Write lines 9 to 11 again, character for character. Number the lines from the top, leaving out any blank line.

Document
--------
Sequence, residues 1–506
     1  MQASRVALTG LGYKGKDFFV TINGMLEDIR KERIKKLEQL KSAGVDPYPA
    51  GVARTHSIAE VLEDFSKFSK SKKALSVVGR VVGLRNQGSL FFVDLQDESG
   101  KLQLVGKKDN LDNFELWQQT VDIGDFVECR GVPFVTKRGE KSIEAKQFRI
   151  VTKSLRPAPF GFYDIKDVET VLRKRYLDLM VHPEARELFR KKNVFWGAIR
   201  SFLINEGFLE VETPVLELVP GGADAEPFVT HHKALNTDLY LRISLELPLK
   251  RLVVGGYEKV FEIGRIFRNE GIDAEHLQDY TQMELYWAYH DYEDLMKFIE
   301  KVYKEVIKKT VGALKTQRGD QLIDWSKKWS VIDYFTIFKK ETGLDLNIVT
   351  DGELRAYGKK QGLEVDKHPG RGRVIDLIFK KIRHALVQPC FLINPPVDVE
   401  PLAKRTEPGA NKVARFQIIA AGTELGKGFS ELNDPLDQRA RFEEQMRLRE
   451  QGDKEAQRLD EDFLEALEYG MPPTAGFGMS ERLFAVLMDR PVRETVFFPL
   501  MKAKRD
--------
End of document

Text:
   351  DGELRAYGKK QGLEVDKHPG RGRVIDLIFK KIRHALVQPC FLINPPVDVE
   401  PLAKRTEPGA NKVARFQIIA AGTELGKGFS ELNDPLDQRA RFEEQMRLRE
   451  QGDKEAQRLD EDFLEALEYG MPPTAGFGMS ERLFAVLMDR PVRETVFFPL